Still, I have to admit that when I first heard about the practice of a “lotus birth,” it sounded a little strange to me. If you haven’t heard of it yet, lotus birth is where you leave the placenta attached to your newborn for several days, until it naturally falls off.
Proponents of the practice do it to extend the already-recommended practice of delayed cord clamping, where you wait until the cord stops pulsing before you cut it, in order to deliver the life-giving and nourishing blood from the placenta to your baby. Even major health organizations like the American College of Obstetricians and Gynecologists recommend this practice. But lotus birthers take things a step further, preferring for nature to take its course, and for the cord to detach in its own time.
But why do this, you might ask? And, ummm, what about the fact that your baby will have what basically amounts to a rotting organ attached to them for a few days?
Well, one mom who recently opened up about her experience with lotus birth on Facebook is here to tell you that it’s not that gross. In fact, she says it has some tangible and awesome benefits.
Vanessa Fisher is a flight attendant from Texas and a mom of two boys. One of her sons is 11 years old, but the little one, Ashton, was just born this past January 16th. Fisher tells Babble that she didn’t practice lotus birth with her first son, but she did with Ashton. And because it was such a positive experience, the mom recently took to Facebook to share why it worked so well for her and her family.
In the post, Fisher outlines her reasons for choosing lotus birth (or “umbilical nonseverance,” as she describes it) and includes a sweet picture of her little guy sleeping, still attached to his cord. The placenta is out of sight, in a gorgeous blue drawstring bag that Fisher tells Babble was made by her cousin.
As Fisher explains in her post, she choose lotus birth to “[t]rust the natural process that God created for child bearing.” The mom additionally notes that she believes lotus birth allows for “complete placental blood transfer,” and creates a more “fluid transition” for moms and babies from the pregnant state to birth. Fisher also feels that the practice helps give babies a “serene and peaceful” temperament.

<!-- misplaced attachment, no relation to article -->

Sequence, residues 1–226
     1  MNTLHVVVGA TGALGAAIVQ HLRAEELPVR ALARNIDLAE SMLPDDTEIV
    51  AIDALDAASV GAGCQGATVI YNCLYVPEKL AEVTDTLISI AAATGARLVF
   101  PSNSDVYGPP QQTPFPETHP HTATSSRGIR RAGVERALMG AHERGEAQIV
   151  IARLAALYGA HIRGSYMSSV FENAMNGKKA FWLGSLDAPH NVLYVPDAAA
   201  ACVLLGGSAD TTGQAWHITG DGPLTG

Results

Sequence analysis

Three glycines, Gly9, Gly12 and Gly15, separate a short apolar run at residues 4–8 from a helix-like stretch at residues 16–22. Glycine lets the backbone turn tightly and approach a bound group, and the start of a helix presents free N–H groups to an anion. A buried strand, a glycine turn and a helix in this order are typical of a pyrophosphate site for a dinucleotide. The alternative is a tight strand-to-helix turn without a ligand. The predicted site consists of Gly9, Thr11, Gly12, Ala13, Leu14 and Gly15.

Fisher tells Babble that she got the idea for lotus birthing after learning about the well-documented benefits of delayed cord clamping. Keeping the cord attached until it fell off just seemed like the most natural progression to her.
“The idea really resonated with me because I was already set on embracing a very natural approach to this pregnancy, and cutting out any unnecessary medical interference was important to me,” says Fisher. “It was very early in the pregnancy that we decided that this would be added to our birth plan.”
The experience went really well for the family. Ashton stayed attached to his placenta for nine days until it fell off on its own, Fisher shares. And Ashton is healthy and doing great. The placenta was covered in that pretty blue bag so it was out sight and less of a nuisance for the family to deal with. Fisher tells Babble that she covered the placenta with sea salt and herbs in an effort to stop it from rotting.
You might be wondering if Fisher has faced any outside criticism because of this choice. Although she says that her husband was initially “surprised” when she told him she wanted a lotus birth, he quickly became supportive of it. Her 11-year-old son told her that he didn’t want to hold the baby until the placenta detached … but it sounds like that all worked out fine.
There was also some general discomfort with the idea from family members.
“I think that the most reluctance stemmed from the fact that it was unfamiliar,” says Fisher. “People seem to be split right down the middle on their feelings on the lotus birth. Some find it very interesting and possibly something they’d consider … others find it dangerous and repulsive.”
Other arguments against it were simply that the placenta was “unattractive,” and that “the placenta being attached would require that they be even more careful with the baby.”
But Fisher tells Babble she didn’t find that any of those arguments had any salience — and none swayed her away from doing it.
“I didn’t find anyone’s objections valid enough to reconsider my decision,” she says.
You certainly have to be inspired by a mother who sticks to her beliefs and follows her instincts!
But what do doctors think of this practice? Again, while there is certainly a recommendation within the medical community to keep the cord pulsing long enough for the baby to receive all that healthy blood from the placenta, the only mention of lotus births that seems to be out there is from The Royal College of Obstetricians and Gynecologists (RCOG).
RCOG issued a statement in 2008 warning that the practice could carry a risk of infection, and that babies should be carefully monitored if their parents are seeking a lotus birth.
“If women do opt for umbilical non-severance, the RCOG strongly recommends that their babies be monitored carefully for any signs of infection,” wrote RCOG.
So, like everything else, if you are itching to try a lotus birth, definitely consult with your healthcare provider. And then, if you get their blessing, I say go for it.
Lotus birth may not be everyone’s cup of tea, but like virtually every parenting decision out there, if it isn’t hurting anyone else, then you (and only you!) are the one who gets to decide.